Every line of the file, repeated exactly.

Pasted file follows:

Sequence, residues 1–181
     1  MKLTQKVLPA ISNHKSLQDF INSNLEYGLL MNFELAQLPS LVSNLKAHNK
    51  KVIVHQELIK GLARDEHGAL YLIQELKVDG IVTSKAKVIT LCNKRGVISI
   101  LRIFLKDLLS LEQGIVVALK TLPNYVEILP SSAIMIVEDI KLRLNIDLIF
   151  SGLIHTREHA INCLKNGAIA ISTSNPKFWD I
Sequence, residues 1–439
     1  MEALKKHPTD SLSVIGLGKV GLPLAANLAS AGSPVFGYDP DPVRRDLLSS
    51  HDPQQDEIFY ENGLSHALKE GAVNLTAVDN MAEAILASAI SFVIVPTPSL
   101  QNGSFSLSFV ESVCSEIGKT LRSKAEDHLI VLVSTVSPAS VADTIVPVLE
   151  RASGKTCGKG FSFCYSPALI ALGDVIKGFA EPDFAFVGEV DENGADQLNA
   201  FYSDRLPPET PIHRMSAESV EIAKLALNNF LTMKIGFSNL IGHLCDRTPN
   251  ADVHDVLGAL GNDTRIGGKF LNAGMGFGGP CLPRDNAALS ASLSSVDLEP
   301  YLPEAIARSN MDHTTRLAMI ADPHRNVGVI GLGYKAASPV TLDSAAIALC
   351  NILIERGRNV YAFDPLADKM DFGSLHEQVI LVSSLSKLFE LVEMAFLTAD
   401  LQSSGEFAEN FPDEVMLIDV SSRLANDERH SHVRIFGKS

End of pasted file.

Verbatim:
Sequence, residues 1–181
     1  MKLTQKVLPA ISNHKSLQDF INSNLEYGLL MNFELAQLPS LVSNLKAHNK
    51  KVIVHQELIK GLARDEHGAL YLIQELKVDG IVTSKAKVIT LCNKRGVISI
   101  LRIFLKDLLS LEQGIVVALK TLPNYVEILP SSAIMIVEDI KLRLNIDLIF
   151  SGLIHTREHA INCLKNGAIA ISTSNPKFWD I
Sequence, residues 1–439
     1  MEALKKHPTD SLSVIGLGKV GLPLAANLAS AGSPVFGYDP DPVRRDLLSS
    51  HDPQQDEIFY ENGLSHALKE GAVNLTAVDN MAEAILASAI SFVIVPTPSL
   101  QNGSFSLSFV ESVCSEIGKT LRSKAEDHLI VLVSTVSPAS VADTIVPVLE
   151  RASGKTCGKG FSFCYSPALI ALGDVIKGFA EPDFAFVGEV DENGADQLNA
   201  FYSDRLPPET PIHRMSAESV EIAKLALNNF LTMKIGFSNL IGHLCDRTPN
   251  ADVHDVLGAL GNDTRIGGKF LNAGMGFGGP CLPRDNAALS ASLSSVDLEP
   301  YLPEAIARSN MDHTTRLAMI ADPHRNVGVI GLGYKAASPV TLDSAAIALC
   351  NILIERGRNV YAFDPLADKM DFGSLHEQVI LVSSLSKLFE LVEMAFLTAD
   401  LQSSGEFAEN FPDEVMLIDV SSRLANDERH SHVRIFGKS